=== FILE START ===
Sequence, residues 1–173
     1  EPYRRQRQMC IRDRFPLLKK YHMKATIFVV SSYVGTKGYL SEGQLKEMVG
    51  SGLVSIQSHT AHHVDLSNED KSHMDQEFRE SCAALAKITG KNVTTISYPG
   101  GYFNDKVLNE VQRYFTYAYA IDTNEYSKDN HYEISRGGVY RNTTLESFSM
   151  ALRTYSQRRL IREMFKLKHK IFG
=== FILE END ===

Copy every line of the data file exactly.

Sequence, residues 1–173
     1  EPYRRQRQMC IRDRFPLLKK YHMKATIFVV SSYVGTKGYL SEGQLKEMVG
    51  SGLVSIQSHT AHHVDLSNED KSHMDQEFRE SCAALAKITG KNVTTISYPG
   101  GYFNDKVLNE VQRYFTYAYA IDTNEYSKDN HYEISRGGVY RNTTLESFSM
   151  ALRTYSQRRL IREMFKLKHK IFG